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Europe bears brunt as streaming companies cut back

Europe bears brunt as streaming companies cut back

Europe is “low-hanging fruit” for global TV and streaming companies seeking to cut costs, according to analysts.

Last week, HBO’s parent company, the newly-merged Warner Bros. Discovery, announced it would be abandoning original HBO development and productions in Central Europe, Denmark, Finland, the Netherlands, Norway, Sweden, and Turkey. Just France and Spain were spared.

The cutbacks in Europe come as the global economy teeters on the edge of a recession, amid inflation not seen in the past four decades and subsequent rising interest rates. Streaming companies, once growth darlings among investors, are now suffering under the weight of increased competition and drier investment.

For Warner Bros. Discovery, these concerns are compounded by the pressure to increase efficiency following a complex merger process. This includes eventually combining the company’s two major streaming services, HBO Max and Discovery+.

“Combining HBO Max and Discovery+ into one service means eliminating local, non-transferable content,” says TMT analyst and investor Alex DeGroote, who notes the approach is “at odds with Netflix” in certain local markets, like India, where local content is a major draw.

In a statement to Variety, the company described the move as part of their post-merger content proposition review process. The spokesperson added that Warner Bros. Discovery’s “commitment to these markets has not changed” and that it will continue to commission local third-party content for broadcast on linear and streaming.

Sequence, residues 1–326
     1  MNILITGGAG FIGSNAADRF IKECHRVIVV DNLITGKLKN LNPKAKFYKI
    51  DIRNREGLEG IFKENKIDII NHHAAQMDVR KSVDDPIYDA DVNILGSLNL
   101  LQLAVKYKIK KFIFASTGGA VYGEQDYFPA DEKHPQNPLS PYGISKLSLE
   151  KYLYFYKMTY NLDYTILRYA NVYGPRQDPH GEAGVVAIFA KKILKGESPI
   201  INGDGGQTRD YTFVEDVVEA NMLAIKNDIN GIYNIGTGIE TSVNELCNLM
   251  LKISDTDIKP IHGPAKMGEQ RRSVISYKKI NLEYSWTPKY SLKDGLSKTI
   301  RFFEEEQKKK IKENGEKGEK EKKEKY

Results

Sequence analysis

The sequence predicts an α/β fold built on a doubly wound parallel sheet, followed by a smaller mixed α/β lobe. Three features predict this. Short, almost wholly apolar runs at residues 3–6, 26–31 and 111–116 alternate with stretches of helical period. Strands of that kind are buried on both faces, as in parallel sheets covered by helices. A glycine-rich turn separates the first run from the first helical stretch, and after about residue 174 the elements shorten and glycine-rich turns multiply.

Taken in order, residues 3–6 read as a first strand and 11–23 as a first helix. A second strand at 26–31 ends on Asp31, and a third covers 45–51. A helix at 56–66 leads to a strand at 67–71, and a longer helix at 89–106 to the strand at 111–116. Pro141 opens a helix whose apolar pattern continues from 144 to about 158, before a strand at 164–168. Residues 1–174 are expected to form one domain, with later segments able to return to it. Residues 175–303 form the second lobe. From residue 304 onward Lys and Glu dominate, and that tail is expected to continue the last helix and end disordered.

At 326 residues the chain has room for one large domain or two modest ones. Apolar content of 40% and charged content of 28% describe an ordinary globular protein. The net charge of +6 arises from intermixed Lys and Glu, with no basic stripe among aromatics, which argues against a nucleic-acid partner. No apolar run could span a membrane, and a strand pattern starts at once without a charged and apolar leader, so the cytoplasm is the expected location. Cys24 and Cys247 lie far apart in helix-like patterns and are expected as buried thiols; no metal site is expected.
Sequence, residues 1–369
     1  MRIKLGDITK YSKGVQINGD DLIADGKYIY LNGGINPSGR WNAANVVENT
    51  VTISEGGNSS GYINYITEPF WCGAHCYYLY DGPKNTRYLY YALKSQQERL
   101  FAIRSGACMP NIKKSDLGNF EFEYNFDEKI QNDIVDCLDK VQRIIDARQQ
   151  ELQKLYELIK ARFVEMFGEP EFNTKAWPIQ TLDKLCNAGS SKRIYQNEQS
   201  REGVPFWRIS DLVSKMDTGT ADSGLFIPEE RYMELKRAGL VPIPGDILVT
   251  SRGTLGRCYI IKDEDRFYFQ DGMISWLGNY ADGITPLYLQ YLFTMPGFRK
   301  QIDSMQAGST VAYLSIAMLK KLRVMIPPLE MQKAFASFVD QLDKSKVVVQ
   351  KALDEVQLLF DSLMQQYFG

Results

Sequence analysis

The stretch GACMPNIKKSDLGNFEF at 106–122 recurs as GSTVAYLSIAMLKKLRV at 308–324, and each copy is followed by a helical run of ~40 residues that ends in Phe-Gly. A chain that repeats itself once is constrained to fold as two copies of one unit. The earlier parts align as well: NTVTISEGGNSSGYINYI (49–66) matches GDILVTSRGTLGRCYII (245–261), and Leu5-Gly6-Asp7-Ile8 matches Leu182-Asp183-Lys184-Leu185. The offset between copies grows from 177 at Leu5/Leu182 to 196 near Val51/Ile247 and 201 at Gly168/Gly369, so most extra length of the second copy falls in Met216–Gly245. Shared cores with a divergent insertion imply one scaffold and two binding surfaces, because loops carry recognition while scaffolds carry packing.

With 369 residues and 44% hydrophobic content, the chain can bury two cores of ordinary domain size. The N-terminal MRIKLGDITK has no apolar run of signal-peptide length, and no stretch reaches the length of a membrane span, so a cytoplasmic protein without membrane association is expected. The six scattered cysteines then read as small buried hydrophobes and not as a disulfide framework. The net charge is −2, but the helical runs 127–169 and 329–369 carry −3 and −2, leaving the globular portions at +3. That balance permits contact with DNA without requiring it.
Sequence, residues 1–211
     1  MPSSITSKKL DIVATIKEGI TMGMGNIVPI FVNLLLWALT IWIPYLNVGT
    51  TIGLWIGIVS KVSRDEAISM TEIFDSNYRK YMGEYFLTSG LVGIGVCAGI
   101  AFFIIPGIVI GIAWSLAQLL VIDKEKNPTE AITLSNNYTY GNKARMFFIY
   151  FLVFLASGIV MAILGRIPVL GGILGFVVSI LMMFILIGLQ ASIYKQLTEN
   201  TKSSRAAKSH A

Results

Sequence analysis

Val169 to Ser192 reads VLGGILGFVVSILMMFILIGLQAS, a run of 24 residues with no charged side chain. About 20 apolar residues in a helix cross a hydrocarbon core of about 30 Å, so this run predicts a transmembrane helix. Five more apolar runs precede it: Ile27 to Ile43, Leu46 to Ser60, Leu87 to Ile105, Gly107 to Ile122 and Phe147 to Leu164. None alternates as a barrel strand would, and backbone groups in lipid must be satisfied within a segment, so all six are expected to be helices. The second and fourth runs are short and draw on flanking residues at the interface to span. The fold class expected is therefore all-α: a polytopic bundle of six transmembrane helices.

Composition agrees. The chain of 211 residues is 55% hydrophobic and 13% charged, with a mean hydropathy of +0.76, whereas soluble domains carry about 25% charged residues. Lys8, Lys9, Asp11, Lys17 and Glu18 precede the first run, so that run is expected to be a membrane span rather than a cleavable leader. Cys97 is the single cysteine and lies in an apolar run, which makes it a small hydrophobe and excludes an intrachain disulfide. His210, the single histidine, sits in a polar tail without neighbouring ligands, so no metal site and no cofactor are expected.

DeGroote notes that the company has a target of $3bn in cost savings. “This is significant and can only be met with headcount reduction and business rationalisation.”

“Europe is low-hanging fruit,” he argues, especially when considering the company has net debt above $45bn and that the share price is down over 45% since April.

Warner Bros. Discovery’s market cap sits at approximately $34bn.

DeGroote adds: “Shareholders and creditors will demand improved focus and results”.

International productions had been experiencing expansion, not contraction, in recent years as major streaming services sought to draw more global eyeballs through original productions. Paramount+, which launched in the UK and Ireland last month and expects to launch in Austria, France, Germany, and Switzerland in December, has planned 150 international originals by 2025.

But Europe is proving to be a difficult market for streamers to crack, as media and tech analyst Ian Whittaker explains: “Data from different [European] markets show that households are both willing to pay less on subscription services and/or take fewer subservices than the US.”

“So, if you are a third or fourth player, it is harder to gain traction into the market because the willingness of consumers to subscribe to your service is less (especially in a cost of living crisis).”

Foreign productions need not necessarily only rely on local audiences for success, however. English-speaking streamers in the US and UK have been increasingly receptive to watching high quality foreign-language shows and films with subtitles. Bong Joon-ho’s Parasite (2019) made waves pre-pandemic as the first foreign-language film to win Best Picture at the Oscars, and hit shows such as Netflix’s time-bending sci-fi drama Dark¬†(2017-2020) and especially Squid Game have been major boons to the streaming service, despite ongoing concerns over continued growth.

Whittaker believes foreign productions “should continue”, but notes that “programming is an operationally geared game, so you need the revenues to justify the cost.”

“If you don’t feel confident about the revenues, you don’t spend. Also, international productions used to be cheap relative to the US, and probably still are, but the discount is less. That is impacting the economics as well.”

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